In April, attorneys for several watchdog groups filed a class action lawsuit in the U.S. District Court for the District of Columbia, arguing that the court’s Public Access to Court Electronic Records (PACER) system overcharged the public for access to court records starting in April 2010.
The lawsuit seeks “an unspecified amount of damages that ‘are found to exceed the amount authorized by law,’ as well as attorney fees.” Court documents and further details on the suit from the class action attorneys can be found here.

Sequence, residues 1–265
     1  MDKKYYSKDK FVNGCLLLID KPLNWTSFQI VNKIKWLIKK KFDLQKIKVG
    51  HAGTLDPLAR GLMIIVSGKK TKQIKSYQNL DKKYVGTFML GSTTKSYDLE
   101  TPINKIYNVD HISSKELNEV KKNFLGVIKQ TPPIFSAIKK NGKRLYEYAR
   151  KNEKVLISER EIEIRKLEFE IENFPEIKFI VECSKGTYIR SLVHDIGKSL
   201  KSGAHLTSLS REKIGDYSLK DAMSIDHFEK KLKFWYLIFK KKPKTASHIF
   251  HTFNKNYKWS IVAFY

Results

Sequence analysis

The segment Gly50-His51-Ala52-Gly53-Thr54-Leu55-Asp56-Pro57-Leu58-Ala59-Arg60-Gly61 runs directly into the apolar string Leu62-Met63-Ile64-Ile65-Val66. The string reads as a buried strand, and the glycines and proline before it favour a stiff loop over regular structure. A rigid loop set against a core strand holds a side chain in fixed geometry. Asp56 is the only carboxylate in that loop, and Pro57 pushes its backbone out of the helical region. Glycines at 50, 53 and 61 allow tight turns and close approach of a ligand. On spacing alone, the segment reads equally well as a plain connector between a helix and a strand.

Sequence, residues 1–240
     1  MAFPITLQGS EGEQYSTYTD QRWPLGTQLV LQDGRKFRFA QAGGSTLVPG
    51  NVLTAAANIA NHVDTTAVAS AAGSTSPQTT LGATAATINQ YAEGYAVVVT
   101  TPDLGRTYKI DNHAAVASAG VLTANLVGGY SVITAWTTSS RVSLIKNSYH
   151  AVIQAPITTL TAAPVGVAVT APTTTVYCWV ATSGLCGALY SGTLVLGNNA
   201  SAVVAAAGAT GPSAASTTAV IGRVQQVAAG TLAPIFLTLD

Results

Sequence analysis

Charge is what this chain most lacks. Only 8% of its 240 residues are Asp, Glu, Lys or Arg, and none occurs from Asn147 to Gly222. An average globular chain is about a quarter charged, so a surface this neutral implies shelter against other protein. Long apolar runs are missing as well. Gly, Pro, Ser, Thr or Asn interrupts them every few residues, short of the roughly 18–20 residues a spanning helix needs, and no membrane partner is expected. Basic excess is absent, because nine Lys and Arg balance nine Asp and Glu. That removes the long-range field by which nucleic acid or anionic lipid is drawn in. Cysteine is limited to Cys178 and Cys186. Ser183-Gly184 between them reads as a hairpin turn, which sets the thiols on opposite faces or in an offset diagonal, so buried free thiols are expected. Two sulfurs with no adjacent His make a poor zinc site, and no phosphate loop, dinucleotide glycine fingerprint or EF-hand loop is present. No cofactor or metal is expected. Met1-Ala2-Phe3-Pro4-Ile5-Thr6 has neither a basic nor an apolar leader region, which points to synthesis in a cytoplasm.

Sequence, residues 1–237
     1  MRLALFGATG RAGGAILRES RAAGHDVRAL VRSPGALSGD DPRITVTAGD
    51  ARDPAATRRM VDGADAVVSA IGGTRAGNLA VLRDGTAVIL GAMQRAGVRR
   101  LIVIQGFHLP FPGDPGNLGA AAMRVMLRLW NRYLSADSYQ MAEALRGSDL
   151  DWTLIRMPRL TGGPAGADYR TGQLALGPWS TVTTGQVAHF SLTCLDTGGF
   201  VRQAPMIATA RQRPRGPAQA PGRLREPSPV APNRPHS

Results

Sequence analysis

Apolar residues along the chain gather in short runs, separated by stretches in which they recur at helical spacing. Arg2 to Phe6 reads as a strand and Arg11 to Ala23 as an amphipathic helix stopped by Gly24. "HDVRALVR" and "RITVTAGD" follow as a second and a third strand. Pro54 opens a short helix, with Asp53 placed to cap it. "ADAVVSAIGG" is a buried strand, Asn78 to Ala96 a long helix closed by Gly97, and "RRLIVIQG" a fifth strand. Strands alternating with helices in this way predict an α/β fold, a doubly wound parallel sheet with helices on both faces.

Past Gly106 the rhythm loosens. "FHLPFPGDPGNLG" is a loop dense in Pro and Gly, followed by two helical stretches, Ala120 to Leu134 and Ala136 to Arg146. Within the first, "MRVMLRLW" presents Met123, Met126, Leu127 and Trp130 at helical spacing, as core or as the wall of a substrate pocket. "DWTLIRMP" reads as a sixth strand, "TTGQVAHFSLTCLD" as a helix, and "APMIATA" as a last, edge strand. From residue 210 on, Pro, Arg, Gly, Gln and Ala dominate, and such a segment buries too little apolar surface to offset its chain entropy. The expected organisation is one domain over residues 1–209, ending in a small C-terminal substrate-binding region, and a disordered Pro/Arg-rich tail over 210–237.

I was notified by email that I am a member of the plaintiff class, based on periodic PACER research I have conducted since 2010. And I have been critical of high PACER fees in the past, especially when PACER is used purely for academic research. But this is a pretty silly lawsuit. The class action attorneys will make a tidy sum from any settlement, and the actual affected members will likely get nothing of consequence. I would much prefer to see the courts offer PACER as a free research service, or otherwise develop a sensible, tiered payment system.